Although certain medicines should not be used together at all, in other cases two different medicines may be used together even if an interaction might occur. In these cases, your doctor may want to change the dose, or other precautions may be necessary. Tell your healthcare professional if you are taking any other prescription or nonprescription (over-the-counter [OTC]) medicine.
Certain medicines should not be used at or around the time of eating food or eating certain types of food since interactions may occur. Using alcohol or tobacco with certain medicines may also cause interactions to occur. Discuss with your healthcare professional the use of your medicine with food, alcohol, or tobacco.
Other medical problems—
The presence of other medical problems may affect the use of this medicine. Make sure you tell your doctor if you have any other medical problems, especially:
- Asthma attack—Should not be used in patients with this condition.
Proper Use of This Medicine:
Nedocromil is used to help prevent symptoms of asthma or bronchospasm (wheezing or difficulty in breathing). When this medicine is used regularly, it decreases the number and severity of asthma attacks. Nedocromil will not relieve an asthma or bronchospasm attack that has already started.
Nedocromil inhalation aerosol usually comes with patient directions. Read them carefully before using this medicine. If you do not understand the directions or if you are not sure how to use the inhaler, ask your doctor to show you what to do. Also, ask your doctor to check regularly how you use the inhaler to make sure you are using it properly.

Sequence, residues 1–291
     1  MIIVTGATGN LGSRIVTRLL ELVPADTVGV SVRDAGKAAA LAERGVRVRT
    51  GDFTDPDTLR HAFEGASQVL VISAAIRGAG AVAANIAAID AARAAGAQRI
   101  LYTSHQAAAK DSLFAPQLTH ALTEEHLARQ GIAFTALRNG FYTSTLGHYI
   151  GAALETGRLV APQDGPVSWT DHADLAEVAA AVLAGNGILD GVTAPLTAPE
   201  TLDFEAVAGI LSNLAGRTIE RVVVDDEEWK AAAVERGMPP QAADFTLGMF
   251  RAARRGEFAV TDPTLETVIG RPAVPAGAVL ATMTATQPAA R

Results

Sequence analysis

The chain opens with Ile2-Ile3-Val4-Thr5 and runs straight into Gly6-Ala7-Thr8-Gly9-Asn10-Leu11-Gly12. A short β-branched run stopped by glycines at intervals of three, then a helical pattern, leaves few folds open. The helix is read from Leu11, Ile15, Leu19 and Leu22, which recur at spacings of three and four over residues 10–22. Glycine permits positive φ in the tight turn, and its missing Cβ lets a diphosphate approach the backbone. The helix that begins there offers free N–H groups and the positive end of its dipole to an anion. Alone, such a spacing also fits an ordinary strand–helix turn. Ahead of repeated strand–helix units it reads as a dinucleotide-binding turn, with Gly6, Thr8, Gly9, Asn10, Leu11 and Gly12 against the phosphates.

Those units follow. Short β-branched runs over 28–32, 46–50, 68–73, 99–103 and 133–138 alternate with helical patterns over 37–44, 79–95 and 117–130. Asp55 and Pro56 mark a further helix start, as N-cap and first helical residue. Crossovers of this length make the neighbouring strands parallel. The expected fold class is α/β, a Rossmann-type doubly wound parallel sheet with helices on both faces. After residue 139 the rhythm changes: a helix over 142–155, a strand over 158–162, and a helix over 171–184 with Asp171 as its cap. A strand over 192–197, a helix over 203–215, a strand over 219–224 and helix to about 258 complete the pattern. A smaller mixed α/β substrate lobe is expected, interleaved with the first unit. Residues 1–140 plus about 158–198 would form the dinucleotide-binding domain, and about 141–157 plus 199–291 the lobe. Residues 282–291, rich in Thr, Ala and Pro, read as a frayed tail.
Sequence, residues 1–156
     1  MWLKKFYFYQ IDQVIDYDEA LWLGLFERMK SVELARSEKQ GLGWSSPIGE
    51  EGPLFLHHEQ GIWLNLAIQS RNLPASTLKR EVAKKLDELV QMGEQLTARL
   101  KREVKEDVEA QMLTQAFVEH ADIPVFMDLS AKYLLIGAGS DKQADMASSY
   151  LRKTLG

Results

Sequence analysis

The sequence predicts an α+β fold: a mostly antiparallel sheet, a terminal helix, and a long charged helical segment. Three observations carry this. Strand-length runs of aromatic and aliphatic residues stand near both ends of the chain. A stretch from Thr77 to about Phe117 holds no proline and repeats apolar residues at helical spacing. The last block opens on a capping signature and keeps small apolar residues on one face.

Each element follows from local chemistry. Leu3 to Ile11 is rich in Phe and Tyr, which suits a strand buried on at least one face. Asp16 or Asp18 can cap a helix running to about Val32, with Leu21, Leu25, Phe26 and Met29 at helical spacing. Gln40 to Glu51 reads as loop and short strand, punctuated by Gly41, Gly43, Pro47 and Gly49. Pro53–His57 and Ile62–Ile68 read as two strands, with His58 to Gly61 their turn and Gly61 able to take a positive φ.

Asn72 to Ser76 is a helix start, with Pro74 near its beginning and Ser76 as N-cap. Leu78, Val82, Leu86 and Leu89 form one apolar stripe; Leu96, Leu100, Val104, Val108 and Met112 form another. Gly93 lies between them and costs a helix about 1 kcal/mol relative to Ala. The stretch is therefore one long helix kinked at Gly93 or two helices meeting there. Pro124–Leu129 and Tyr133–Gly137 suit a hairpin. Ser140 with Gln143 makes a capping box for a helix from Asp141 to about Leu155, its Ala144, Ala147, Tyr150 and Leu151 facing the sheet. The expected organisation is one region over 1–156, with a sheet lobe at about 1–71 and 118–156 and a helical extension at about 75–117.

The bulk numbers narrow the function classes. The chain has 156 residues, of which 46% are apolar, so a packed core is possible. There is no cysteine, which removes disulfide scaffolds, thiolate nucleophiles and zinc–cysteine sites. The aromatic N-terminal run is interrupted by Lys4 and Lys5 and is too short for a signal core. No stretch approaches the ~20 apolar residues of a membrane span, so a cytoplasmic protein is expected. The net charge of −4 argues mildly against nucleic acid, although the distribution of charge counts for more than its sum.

The nedocromil aerosol canister provides 104 inhalations for the inhaler that is available in the U.S. or 112 inhalations for the Canadian inhaler. You should keep a record of the number of inhalations you use so you will know when the canister is almost empty. This canister, unlike other aerosol canisters, cannot be floated in water to test its fullness.
When you use the inhaler for the first time, or if you have not used it for more than seven days, the inhaler may not deliver the right amount of medicine with the first puff. Therefore, before using the inhaler, prime it to make sure it provides the correct dose.
To prime the inhaler: